In 2012, the ICJ upheld Germany's argument that Italy, with its judgments, had acted in clear violation of Germany's immunity from adjudication in Italian courts. Absent any binding treaty in force between the parties to govern the matter, the ICJ stressed that any entitlement to immunity was to be derived from customary international law. Relying on the case law of courts in several countries, the ICJ found that a customary international law exception to sovereign immunity based on the gravity of the violations of international human rights law could not be established.Footnote 15 The ICJ also disagreed with Italy's claim that the acts in question were a violation of jus cogens and thus could not benefit from the shield sovereign immunity afforded to states. To the contrary, the ICJ observed that the two sets of rules are different in nature: jus cogens regulates questions of substance, while rules on immunity are procedural. Consequently, rules of jus cogens cannot displace the application of the rules on sovereign immunity.Footnote 16
However, ICJ judgments are binding only on the states that were party to the case, and while those states must abide by those judgments, the states’ entities and bodies, including judicial authorities, are not necessarily bound to follow the ICJ's interpretations of law.Footnote 17 As such, the ICJ's judgment had limited authority over the domestic courts in Italy, which might simply consider it as one of the possible interpretations of international law.Footnote 18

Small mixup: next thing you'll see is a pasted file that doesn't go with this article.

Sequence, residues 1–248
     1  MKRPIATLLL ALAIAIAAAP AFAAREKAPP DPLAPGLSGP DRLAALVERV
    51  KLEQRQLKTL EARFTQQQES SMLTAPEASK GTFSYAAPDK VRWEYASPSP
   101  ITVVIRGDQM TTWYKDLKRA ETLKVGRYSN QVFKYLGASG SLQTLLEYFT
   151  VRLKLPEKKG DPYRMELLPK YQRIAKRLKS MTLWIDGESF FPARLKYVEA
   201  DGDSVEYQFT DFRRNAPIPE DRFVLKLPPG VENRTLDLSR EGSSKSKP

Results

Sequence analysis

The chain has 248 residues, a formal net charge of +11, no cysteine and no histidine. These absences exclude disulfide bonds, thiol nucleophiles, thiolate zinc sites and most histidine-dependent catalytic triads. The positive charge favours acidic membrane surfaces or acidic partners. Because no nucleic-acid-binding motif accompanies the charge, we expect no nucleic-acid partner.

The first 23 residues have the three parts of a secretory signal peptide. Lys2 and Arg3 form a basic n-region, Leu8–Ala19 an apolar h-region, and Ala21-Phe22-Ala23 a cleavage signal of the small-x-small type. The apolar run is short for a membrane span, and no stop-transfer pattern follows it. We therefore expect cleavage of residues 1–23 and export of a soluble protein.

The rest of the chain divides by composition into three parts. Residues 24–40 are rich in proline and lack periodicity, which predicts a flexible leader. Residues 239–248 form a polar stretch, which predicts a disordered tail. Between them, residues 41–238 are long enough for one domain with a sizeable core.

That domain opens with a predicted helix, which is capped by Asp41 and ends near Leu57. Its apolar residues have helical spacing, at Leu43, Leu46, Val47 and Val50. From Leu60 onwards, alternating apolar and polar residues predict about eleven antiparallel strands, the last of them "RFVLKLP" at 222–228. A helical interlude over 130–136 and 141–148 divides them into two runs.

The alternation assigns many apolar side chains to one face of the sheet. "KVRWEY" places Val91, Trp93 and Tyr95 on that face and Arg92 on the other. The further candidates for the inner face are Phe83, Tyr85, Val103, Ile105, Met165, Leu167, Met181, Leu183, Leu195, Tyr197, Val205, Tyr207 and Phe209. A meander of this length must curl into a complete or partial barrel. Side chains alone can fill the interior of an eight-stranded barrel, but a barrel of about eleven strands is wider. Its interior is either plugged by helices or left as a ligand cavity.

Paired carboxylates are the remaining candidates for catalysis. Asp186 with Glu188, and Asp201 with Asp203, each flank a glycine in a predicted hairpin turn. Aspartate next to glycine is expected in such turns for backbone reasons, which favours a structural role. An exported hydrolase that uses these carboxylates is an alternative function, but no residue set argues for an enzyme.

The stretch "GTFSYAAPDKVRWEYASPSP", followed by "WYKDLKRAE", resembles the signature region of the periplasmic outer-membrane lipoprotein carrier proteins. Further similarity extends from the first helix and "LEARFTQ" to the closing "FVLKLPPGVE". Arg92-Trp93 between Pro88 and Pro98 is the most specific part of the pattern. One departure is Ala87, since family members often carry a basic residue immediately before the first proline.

In spite of this potentially limited authority, from February 2012 to January 2013, Italian courts conformed to the ICJ ruling. For instance, in Albers, the Court of Cassation departed from its precedents and subscribed to the ICJ's view that the necessary consensus within the international community to establish a customary rule overriding sovereign immunity in favor of the judgment creditors had not yet formed.Footnote 19 While the Court did not rule out the possibility that such a novel rule of international customary law could be established in the future, it nevertheless maintained that this was not the case at the time it rendered its judgment.
To overcome any possible objections concerning the effects of the ICJ's judgments, Italy adopted Law No. 5/2013 regulating Italy's accession to the 2004 United Nations Convention on the Jurisdictional Immunities of States and Their Property.Footnote 20 In particular, the statute provided a statutory basis for the courts’ implementation of the ICJ's judgment in Germany v. Italy. Notably, pursuant to Article 3(1) of Law No. 5/2013, Italian courts must decline jurisdiction in pending proceedings to comport with any judgments rendered by the ICJ. In accordance with paragraph 2 of the same law, domestic judgments that have res judicata effects can be appealed if they conflict with a judgment rendered by the ICJ according to which Italy is precluded from exercising jurisdiction over another state.